17. "Chemistry of Hazardous Materials, Third Edition", Meyer, E., Prentice Hall, 1998, page 458.
  18. Glenat, Philippe; Heraud, Jean-Philippe; Gateau, Patrick; Henaut, Isabelle; Argillier, J.-Francois (2005-01-01). Heavy Oil Dilution. Society of Petroleum Engineers. doi:10.2118/97763-MS. ISBN 9781613990056. S2CID 73605226.
  19. "Dilution of heavy crude oils for pipeline ransportation purposes: The asphaltene instability issue".
  20. "Diluting Venezuela's heavy crude just got harder". 29 January 2019. Retrieved 2019-04-09.
  21. MSR (24 August 2020). Where do I get fuels in foreign countries and what other types of fuel can I use? (PDF). Seattle, Washington, USA: Mountain Safety Research (MSR). Retrieved 2021-08-27. Date from PDF metadata.
  22. Durant, Kenneth (1976). The Naptha Launch.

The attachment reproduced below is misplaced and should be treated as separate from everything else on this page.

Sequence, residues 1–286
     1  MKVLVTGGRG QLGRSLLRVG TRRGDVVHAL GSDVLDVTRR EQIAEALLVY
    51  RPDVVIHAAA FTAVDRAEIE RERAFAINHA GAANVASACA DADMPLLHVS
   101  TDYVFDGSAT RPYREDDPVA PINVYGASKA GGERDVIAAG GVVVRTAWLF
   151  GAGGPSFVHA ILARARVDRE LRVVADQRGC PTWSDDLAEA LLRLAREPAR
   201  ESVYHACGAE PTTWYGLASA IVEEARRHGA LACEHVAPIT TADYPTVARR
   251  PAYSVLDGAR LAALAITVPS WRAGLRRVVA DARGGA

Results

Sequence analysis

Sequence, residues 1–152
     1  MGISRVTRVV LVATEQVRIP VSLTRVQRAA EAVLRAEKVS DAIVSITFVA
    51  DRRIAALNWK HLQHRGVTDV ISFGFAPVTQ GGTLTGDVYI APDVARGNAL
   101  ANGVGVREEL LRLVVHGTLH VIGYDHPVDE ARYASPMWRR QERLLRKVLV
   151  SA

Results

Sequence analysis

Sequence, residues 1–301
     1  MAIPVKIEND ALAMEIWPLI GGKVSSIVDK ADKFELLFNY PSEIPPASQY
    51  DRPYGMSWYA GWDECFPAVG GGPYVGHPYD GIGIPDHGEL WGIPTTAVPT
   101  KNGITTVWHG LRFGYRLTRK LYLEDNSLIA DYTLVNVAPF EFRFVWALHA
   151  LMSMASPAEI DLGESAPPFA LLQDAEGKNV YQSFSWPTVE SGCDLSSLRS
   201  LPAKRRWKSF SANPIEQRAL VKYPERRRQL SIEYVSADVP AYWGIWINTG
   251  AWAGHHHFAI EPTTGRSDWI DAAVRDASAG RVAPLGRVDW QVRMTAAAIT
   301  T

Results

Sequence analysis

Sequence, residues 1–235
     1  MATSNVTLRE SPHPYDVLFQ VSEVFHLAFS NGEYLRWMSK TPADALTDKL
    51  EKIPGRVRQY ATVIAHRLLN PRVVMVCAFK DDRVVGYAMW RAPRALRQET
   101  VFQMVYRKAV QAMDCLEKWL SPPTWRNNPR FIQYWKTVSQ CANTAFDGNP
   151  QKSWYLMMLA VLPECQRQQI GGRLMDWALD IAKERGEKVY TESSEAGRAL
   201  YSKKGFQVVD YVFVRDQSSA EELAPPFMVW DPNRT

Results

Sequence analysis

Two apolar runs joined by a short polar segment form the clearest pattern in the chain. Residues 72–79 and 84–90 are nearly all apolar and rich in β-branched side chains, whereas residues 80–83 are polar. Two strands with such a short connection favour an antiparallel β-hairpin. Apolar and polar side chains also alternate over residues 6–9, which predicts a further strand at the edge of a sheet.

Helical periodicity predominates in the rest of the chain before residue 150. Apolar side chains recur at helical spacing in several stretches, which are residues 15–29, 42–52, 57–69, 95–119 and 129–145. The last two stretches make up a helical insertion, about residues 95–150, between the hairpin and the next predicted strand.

23. "How Plastics are Made". Plastics Europe. Brussels: Association of Plastics Manufacturers.{{cite web}}: CS1 maint: url-status (link)
  24. "Petroleum Ether". 1998-04-21. Retrieved 2015-10-26.
  25. "Material Safety Data Sheet : Ronsonol Lighter Fuel" (PDF). Retrieved 2015-10-26.
  26. "NAFAA". NAFAA. Archived from the original on 2016-03-04. Retrieved 2015-10-26.
  27. "CDC - NIOSH Pocket Guide to Chemical Hazards - Naphtha (coal tar)". Retrieved 2015-11-27.
This article is issued from Wikipedia. The text is licensed under Creative Commons - Attribution - Sharealike. Additional terms may apply for the media files.